This was a quick read.  It took me two days to read it, but the author mentions that he wrote it such that it could be read in a long plane ride.  The website doesn't seem to exist anymore, but the book's resources are now located on Steve Krug's website.

    I would recommend this book to anyone interested in practical advice on web usability.  This book doesn't cover all the concepts in web usability, but it gives enough information to be extremely useful without getting lost in useless noise.

    Thursday, November 25, 2010

    Book Review: Head First HTML with CSS & XHTML

    So, that first blog post was pretty emo...

    It's been a while since that first post and things are mostly the same.  Things at work are going slightly better, but I still have a desire for something more.  I want something more independent and fun.  Something where I can travel more and spend less time stuck in a cubicle.

    So almost a year after my initial post I'm doing something about it.  Realistically, I can't just start working as a web developer.  I don't have the full skill set.  My background is such that I should be able to come up to speed quickly.  I have a plan to read some books about HTML, CSS, Javascript, PHP, MySQL, etc.  Once I have a good knowledge base I'll work on a portfolio and make a business plan.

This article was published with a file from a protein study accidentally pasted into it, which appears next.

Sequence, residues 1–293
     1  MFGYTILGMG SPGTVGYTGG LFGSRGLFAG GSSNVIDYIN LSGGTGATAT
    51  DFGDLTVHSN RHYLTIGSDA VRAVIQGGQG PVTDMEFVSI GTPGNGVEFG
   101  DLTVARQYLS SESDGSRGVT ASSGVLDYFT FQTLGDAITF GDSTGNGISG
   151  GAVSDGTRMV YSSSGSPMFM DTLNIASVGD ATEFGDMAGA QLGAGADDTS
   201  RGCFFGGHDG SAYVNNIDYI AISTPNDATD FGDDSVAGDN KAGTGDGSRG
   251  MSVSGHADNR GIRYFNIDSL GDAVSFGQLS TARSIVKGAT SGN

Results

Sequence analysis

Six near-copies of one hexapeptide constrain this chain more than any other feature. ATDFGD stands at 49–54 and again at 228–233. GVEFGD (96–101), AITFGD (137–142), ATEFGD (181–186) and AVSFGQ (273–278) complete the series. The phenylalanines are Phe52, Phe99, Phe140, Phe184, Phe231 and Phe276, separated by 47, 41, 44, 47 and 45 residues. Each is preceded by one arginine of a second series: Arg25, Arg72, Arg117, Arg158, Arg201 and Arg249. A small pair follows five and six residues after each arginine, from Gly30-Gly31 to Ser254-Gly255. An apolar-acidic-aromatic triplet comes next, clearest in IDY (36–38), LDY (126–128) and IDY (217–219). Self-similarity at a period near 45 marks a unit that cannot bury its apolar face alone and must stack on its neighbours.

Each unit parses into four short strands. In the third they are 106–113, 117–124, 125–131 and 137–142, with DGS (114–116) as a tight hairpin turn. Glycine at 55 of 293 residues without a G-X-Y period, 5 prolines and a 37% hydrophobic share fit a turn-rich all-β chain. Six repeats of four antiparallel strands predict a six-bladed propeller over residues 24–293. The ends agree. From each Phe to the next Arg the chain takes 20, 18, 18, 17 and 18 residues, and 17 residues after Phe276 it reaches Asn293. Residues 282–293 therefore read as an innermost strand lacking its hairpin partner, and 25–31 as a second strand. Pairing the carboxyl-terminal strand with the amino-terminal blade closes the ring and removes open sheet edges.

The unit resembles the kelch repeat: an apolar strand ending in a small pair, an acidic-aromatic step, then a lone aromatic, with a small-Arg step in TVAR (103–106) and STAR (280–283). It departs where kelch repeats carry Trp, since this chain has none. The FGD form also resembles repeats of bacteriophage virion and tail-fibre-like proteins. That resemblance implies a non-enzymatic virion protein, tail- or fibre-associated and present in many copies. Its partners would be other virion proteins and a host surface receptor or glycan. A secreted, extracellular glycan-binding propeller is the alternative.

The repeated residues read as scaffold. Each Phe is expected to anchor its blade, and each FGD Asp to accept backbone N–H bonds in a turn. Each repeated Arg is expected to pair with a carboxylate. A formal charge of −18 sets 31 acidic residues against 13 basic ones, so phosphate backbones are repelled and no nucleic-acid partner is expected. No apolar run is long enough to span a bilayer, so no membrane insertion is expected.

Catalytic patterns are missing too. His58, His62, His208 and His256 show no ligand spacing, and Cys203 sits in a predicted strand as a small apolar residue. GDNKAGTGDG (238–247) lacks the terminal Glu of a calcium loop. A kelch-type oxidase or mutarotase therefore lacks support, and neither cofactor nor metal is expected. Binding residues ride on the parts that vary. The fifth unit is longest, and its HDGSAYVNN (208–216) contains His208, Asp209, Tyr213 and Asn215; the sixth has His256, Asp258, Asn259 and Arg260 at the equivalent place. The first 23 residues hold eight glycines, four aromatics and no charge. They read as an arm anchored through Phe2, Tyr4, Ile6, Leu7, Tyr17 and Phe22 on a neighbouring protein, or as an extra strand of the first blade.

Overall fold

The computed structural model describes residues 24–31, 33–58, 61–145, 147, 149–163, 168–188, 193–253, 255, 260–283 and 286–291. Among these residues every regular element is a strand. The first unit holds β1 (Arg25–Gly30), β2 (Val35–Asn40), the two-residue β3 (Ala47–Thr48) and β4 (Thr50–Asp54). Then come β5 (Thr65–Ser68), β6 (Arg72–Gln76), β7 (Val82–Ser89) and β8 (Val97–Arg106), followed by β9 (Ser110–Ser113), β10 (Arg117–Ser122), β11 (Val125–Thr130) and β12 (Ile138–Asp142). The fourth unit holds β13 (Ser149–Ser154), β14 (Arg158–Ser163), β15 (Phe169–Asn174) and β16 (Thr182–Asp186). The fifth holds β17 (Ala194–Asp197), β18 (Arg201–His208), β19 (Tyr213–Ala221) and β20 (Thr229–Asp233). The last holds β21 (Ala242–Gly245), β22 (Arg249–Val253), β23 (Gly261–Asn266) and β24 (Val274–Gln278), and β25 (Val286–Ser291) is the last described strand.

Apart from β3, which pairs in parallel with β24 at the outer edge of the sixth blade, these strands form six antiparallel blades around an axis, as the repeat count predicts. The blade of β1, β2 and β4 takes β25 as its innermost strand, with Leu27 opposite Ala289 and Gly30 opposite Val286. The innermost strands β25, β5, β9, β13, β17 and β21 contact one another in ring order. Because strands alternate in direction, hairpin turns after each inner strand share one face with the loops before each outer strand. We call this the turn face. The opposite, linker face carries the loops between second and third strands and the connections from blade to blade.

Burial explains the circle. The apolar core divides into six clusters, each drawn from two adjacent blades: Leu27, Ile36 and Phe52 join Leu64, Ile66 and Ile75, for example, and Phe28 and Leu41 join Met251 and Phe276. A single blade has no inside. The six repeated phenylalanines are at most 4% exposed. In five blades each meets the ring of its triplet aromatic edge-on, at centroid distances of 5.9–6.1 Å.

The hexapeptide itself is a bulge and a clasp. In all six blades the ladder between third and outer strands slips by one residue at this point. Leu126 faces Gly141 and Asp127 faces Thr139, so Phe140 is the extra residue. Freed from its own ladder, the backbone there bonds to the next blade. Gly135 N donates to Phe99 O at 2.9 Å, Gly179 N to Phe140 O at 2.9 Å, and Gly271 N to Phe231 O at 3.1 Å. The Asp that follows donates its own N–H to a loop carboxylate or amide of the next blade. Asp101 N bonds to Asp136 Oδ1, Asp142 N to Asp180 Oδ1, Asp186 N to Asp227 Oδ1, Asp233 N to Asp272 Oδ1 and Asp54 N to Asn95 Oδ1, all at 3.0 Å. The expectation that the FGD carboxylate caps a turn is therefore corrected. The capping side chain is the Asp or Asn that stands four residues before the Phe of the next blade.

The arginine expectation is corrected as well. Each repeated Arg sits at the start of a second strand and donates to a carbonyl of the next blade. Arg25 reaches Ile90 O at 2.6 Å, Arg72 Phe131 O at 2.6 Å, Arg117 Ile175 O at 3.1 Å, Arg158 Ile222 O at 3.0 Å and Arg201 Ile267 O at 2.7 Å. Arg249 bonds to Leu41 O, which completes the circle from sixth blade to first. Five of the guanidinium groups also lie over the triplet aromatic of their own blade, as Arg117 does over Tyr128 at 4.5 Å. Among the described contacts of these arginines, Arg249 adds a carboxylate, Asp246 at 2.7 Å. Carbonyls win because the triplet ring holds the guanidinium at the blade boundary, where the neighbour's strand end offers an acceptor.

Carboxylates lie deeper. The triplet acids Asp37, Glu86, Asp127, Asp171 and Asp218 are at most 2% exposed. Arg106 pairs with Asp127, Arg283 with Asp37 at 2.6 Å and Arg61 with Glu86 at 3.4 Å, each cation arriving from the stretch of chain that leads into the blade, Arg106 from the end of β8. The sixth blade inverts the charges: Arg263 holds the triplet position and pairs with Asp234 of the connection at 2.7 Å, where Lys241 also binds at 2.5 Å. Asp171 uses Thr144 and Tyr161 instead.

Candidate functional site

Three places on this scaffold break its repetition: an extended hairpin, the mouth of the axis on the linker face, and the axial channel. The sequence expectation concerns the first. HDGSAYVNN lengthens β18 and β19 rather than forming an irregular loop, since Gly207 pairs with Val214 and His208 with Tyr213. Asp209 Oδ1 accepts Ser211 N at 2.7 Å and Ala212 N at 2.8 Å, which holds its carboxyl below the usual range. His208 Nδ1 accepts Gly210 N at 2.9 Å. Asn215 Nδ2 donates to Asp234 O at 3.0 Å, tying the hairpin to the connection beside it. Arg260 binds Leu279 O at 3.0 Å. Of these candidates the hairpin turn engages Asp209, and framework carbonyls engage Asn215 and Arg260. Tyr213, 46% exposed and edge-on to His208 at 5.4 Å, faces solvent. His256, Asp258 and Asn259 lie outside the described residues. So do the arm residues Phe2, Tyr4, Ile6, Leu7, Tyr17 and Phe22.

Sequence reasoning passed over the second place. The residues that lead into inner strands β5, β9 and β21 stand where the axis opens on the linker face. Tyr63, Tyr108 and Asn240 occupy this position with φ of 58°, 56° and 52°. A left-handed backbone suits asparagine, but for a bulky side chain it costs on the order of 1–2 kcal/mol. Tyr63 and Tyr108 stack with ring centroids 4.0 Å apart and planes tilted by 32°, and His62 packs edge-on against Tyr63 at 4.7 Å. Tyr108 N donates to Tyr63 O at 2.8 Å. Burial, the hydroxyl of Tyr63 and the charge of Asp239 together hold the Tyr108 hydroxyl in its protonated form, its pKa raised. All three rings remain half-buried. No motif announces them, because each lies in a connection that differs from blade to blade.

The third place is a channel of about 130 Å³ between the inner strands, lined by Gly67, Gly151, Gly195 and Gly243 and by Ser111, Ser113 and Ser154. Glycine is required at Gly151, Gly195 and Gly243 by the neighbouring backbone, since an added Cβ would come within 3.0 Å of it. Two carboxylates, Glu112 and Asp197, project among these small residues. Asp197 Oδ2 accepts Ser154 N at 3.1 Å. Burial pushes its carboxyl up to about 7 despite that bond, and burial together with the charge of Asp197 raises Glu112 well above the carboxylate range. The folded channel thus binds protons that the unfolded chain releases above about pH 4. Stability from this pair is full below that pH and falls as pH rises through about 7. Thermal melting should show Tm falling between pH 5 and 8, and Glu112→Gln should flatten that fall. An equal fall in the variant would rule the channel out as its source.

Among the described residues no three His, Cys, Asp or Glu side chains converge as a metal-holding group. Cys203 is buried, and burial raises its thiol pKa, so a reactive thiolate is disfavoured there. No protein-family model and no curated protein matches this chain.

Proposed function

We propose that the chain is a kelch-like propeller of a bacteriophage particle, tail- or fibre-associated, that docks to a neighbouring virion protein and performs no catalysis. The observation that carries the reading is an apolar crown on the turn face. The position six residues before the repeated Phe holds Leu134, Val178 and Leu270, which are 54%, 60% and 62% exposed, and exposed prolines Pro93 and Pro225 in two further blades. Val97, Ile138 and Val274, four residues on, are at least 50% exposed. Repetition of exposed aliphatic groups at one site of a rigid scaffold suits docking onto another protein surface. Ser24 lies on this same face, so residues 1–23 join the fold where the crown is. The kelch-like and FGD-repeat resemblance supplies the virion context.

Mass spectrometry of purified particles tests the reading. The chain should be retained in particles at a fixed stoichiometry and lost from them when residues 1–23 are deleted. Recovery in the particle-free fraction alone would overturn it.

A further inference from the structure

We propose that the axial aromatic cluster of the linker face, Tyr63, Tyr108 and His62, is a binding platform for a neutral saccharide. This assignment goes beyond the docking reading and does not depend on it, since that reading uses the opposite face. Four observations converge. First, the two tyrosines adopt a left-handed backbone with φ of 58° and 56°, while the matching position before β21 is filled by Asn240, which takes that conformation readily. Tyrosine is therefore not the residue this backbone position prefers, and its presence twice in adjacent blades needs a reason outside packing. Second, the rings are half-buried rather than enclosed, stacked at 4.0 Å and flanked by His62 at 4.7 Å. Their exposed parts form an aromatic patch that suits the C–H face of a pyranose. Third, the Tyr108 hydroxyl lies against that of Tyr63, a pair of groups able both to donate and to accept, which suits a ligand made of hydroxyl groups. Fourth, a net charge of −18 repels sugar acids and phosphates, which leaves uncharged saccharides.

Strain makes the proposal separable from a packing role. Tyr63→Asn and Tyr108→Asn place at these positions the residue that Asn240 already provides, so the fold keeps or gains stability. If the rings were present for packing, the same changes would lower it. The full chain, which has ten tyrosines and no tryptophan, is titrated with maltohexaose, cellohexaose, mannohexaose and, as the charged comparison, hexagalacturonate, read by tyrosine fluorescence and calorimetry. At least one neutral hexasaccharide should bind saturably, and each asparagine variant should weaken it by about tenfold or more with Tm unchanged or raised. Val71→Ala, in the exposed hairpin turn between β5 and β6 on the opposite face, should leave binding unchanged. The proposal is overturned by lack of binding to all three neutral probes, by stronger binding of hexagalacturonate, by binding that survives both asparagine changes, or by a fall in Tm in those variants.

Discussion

The first book I read was Head First HTML with CSS & XHTML.  I took a HTML class in high school and I'm surprised at how much I actually remember.  The book is different from other textbooks in that it is very readable.  It has a conversational tone that is very easy to follow.  The book is basically a continuous example that you're working through.  The combination of reading and doing really solidifies the knowledge.  I found that I was remembering concepts without any memorization effort.

    The first six chapters were on basic HTML.  A lot of this was repeat for me, but the book was still entertaining.  Chapter 7 introduced XHTML.  I didn't have any experience with XHTML, but it turns out it's not really much different from HTML.  The transition was fairly easy.  From what I've read it sounds like XHTML wasn't really ever widely accepted.  It looks like people are holding out for HTML5, but that topic wasn't covered in the book because it was published before HTML5 was well known.  Chapters 8 through 12 cover CSS.  I had no prior knowledge of CSS.  When I took HTML class all styling was done through HTML.  CSS is a much better way to do it.  HTML covers the structure of the page and CSS takes care of the styling.  The same HTML page can be transformed with a different CSS stylesheet.  Chapters 13 and 14 cover tables and forms.  This is done through XHTML but can be styled using CSS.

    This book was a perfect introduction to HTML and CSS.  I was able to get through the book in about 2.5 weeks but I think it could be done more quickly.  This isn't a book you can just read through.  You absolutely must do the examples to get the full learning experience.  I wish the book had more information about design principles and what colors and styling looks good together, but that wasn't really the intention of the book.

    My next book to read is Don't Make Me Think: A Common Sense Approach to Web Usability, 2nd Edition.  Stay tuned for that review soon.